Cancer prevention diet tip #4: Choose your fats wisely
A major benefit of cutting down on the amount of meat you eat is that you will automatically cut out a lot of unhealthy fat. Eating a diet high in fat increases your risk for many types of cancer. But cutting out fat entirely isn’t the answer, either. In fact, some types of fat may actually protect against cancer. The trick is to choose your fats wisely and eat them in moderation.
1. Fats that increase cancer risk – The two most damaging fats are saturated fats and trans fats. Saturated fats are found mainly in animal products such as red meat, whole milk dairy products, and eggs. Trans fats, also called partially hydrogenated oils, are created by adding hydrogen to liquid vegetable oils to make them more solid and less likely to spoil—which is very good for food manufacturers, and very bad for you.
2. Fats that decrease cancer risk – The best fats are unsaturated fats, which come from plant sources and are liquid at room temperature. Primary sources include olive oil, canola oil, nuts, and avocados. Also focus on omega-3 fatty acids, which fight inflammation and support brain and heart health. Good sources include salmon, tuna, and flaxseeds.
Tips for choosing cancer-fighting fats and avoiding the bad
a) Reduce your consumption of red meat, whole milk, butter, and eggs, as these are the primary source of saturated fats.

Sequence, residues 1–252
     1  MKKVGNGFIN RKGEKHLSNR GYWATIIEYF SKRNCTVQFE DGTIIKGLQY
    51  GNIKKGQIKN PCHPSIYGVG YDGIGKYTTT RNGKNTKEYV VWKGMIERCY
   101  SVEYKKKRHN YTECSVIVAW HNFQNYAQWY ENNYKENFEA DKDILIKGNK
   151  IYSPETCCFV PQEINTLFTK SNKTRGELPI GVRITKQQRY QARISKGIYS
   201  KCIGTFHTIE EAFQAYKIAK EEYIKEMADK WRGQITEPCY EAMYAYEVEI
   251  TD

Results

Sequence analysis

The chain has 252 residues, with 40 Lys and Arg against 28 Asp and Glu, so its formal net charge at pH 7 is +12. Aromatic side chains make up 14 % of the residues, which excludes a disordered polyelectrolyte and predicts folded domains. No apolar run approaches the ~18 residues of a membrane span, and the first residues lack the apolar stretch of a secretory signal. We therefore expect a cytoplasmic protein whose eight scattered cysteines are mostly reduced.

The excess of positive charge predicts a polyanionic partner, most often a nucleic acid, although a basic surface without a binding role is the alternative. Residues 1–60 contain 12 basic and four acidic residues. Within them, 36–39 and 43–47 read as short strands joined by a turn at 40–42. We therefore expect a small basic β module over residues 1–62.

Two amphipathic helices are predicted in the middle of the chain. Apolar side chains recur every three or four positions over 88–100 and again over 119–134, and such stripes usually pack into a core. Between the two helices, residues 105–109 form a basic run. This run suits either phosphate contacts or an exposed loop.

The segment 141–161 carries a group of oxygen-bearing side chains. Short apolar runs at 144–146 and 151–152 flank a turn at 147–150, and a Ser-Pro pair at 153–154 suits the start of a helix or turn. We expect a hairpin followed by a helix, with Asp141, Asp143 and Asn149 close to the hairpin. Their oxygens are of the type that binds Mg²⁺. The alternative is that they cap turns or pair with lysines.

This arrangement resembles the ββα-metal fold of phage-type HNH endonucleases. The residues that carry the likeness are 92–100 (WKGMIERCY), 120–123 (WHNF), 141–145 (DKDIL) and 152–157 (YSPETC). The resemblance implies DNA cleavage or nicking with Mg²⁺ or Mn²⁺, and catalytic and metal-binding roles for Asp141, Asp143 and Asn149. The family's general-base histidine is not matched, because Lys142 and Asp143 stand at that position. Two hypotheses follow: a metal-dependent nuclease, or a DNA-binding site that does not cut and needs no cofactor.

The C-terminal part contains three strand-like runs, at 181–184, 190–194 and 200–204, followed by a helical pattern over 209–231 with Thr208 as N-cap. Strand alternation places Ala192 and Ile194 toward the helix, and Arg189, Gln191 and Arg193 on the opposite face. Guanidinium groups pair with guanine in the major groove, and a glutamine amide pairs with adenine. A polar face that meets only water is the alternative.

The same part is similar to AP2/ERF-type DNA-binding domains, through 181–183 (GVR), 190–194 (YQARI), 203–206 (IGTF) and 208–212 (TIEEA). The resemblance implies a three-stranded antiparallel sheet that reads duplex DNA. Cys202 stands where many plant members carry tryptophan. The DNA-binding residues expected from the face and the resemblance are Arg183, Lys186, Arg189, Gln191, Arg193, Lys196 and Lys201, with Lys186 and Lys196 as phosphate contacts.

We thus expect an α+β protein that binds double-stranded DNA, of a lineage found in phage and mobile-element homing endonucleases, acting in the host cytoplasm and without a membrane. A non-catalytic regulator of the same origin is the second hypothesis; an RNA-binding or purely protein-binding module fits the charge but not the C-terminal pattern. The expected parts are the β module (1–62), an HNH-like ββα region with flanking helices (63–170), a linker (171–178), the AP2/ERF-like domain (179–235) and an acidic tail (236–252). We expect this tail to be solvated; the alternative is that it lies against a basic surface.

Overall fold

b) Cook with olive oil instead of regular vegetable oil. Canola oil is another good choice, especially for baking.
c) Check the ingredient list on food labels and avoid anything with hydrogenated or partially hydrogenated oils, which are usually found in stick margarines, shortenings, salad dressings, and other packaged foods.
d) Trim the fat off of meat when you do eat it, and avoid eating the skin of the chicken.
e) Choose nonfat dairy products and eggs that have been fortified with omega-3 fatty acids.
f) Add nuts and seeds to cereal, salads, soups, or other dishes. Good choices include walnuts, almonds, pumpkin seeds, hazelnuts, pecans, and sesame seeds.
g) Use flaxseed oil in smoothies, salad dressings, or mixed in snacks such as applesauce. But do not cook with flaxseed oil, as it loses its protective properties when heated.
h) Limit fast food, fried foods, and packaged foods, which tend to be high in trans fats. This includes foods like potato chips, cookies, crackers, French fries, and doughnuts.
i) Eat fish once or twice a week. Good choices include wild salmon, sardines, herring, and black cod. But be conscious of mercury, a contaminant found in many types of fish.